Su Lum: Slumming
November 23, 2010
Over the years I’ve gotten into the habit of falling asleep listening to books on tape (now books on CD). Since I live alone, I can drift off during the carnage of “The Girl with the Dragon Tattoo” or the mounting suspense of Stephen King’s “Duma Key” with no one around to be bothered by it except the dachshunds, who don’t seem to care. The volume is pretty loud because my hearing aids, which screech into the pillows, have to be removed. If I wake up at 5 a.m., I turn on NPR and dream of increasingly depressing world, national and local news.
When my family members came for overnights, I tried MP3 players and iPods with bad results. The little plugs fell out of my ears and the more substantial headphones cut into my skull and also fell off and lay screaming on the bed, triggering a needle-in-the-haystack search for the device and the even more challenging search for the Off position.
For the cruise my friend Hilary and I took a couple of weeks ago, I brought along my Kindle and found myself wishing that it had a button to light up the screen. Our beds had reading lights, which were private enough but not bright enough, and the only other options blazed the entire cabin.
So it was that, for the first time in a long time, I couldn’t get to sleep. It wasn’t that I wasn’t tired, it was just that I was addicted to falling asleep to the sound of someone reading aloud to me and I was jones-ing for a fix.
I first realized the scope of the problem when Hilary and I, both exhausted the first afternoon at sea, pulled the drapes and turned out the lights so our cabin was as dark as a hotel room in Las Vegas.
I was always freezing and Hilary was always hot, so I had piled her extra blankets on my bed and had pulled out all the folded sheets at the end of the bed to keep them from trapping my feet. The bed was strangely made up, with sheets between each of the blankets (probably for sanitation), so they slid around as well as weighing me down.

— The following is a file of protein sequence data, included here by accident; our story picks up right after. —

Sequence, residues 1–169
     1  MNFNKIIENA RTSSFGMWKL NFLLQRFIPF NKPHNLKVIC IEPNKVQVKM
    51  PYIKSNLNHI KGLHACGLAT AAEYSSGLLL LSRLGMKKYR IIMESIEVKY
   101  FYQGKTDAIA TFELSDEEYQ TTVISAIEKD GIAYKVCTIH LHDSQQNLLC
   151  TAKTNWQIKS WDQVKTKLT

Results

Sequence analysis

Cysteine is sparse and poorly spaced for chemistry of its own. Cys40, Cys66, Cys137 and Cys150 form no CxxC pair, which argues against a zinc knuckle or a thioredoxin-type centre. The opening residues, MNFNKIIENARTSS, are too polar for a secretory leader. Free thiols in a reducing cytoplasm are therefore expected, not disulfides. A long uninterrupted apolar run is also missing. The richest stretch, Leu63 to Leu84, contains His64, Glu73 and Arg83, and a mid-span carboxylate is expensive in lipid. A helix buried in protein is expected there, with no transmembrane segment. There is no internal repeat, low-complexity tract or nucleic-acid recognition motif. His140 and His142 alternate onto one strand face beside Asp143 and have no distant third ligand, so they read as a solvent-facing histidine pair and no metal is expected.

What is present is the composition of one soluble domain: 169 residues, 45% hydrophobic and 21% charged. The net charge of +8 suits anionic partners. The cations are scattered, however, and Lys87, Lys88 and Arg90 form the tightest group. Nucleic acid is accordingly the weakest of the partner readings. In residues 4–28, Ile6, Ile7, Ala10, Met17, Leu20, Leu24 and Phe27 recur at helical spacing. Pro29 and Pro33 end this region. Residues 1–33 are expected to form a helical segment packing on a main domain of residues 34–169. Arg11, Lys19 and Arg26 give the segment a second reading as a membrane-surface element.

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Within seconds my eyes were wide open. I got a cramp in my leg and had to get out of bed and stamp around to get rid of it, taking most of the sheets and blankets with me. “Get a grip on yourself,” I said to myself. “Without a lie-down you’re going to be dead meat by evening.” I yanked up the heavy blankets and got a cramp in my chest.
When I got back in bed again, emergency measures were called for. I remembered an old kids’ alphabet game that goes like this: “A my name is Alice, my husband’s name is Abe; we come from Arizona and we like APPLES. B my name is Betty, my husband’s name is Bart; we come from the Bahamas and we like BANANAS.” And on and on until you get hung up on the Qs and Xs and Zs and then start over trying to make no repeats.
This mental exercise worked for a couple of days but, needless to say, soon wore thin.
“A my name is Alexandria,” I would moan aloud as I turned out the light. I tried variations, such as naming the drinks the couple liked (“and we like QUININE water”) and the names of flowers (“and we like ZINNIAS” from Zelda and Zed). Ho hum.
Bored with the game, I tried remembering the names of the 50 states. With no Google or reference books, I didn’t even attempt the state capitals, but I recalled from my childhood that once you got through the Ms you were half done and that there were an equal number of M and N states. What I forgot was that this was when there were 48 states, not 50 of them, and to make it work you have to tack on Alaska and Hawaii at the end. Without enough fingers or mental agility, I couldn’t keep track of the numbers anyway.
I’d finally get to sleep and then nature would call in the middle of the night, and the covers and sheets were either in a great wad on the bed or had fallen onto the floor (cramp, cramp as I hauled them back up) and of course I would, being awake, have to go out on the balcony and check on my moon and my stars and my ocean.
Back to bed and, “A my name is Agatha, my husband’s name is Al, we come from Arizona and we like AVOCADOS.” By the time I got to the Cs I was usually out.
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